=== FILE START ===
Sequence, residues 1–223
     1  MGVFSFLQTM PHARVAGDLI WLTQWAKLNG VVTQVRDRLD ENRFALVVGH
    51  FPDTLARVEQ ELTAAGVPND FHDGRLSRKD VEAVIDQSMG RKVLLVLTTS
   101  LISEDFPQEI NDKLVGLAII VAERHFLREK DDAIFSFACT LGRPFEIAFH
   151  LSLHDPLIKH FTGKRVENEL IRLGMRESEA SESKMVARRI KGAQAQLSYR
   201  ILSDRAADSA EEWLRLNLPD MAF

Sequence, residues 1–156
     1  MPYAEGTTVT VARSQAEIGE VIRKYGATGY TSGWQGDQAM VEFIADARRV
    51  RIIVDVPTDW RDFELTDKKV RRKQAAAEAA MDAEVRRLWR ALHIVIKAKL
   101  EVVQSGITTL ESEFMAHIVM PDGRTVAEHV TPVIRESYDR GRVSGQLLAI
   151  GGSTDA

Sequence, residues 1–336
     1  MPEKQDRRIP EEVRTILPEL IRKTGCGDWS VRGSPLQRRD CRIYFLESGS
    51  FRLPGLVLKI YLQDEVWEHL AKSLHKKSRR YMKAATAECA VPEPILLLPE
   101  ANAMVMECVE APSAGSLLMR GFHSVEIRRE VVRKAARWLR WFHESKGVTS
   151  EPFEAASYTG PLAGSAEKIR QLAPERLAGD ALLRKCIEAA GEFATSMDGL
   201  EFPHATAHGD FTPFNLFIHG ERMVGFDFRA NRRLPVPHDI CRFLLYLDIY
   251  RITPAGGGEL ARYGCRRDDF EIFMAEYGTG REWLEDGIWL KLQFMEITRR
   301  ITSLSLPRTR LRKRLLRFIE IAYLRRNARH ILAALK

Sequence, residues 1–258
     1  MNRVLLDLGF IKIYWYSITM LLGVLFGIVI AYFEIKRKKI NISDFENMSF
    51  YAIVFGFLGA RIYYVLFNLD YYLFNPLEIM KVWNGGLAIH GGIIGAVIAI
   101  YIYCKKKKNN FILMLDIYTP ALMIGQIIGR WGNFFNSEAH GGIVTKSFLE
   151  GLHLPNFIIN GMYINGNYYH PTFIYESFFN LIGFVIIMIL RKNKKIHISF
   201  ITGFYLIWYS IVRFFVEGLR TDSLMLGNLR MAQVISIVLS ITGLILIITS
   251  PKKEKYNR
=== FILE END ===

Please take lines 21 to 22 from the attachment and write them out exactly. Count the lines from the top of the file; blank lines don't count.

     1  MNRVLLDLGF IKIYWYSITM LLGVLFGIVI AYFEIKRKKI NISDFENMSF
    51  YAIVFGFLGA RIYYVLFNLD YYLFNPLEIM KVWNGGLAIH GGIIGAVIAI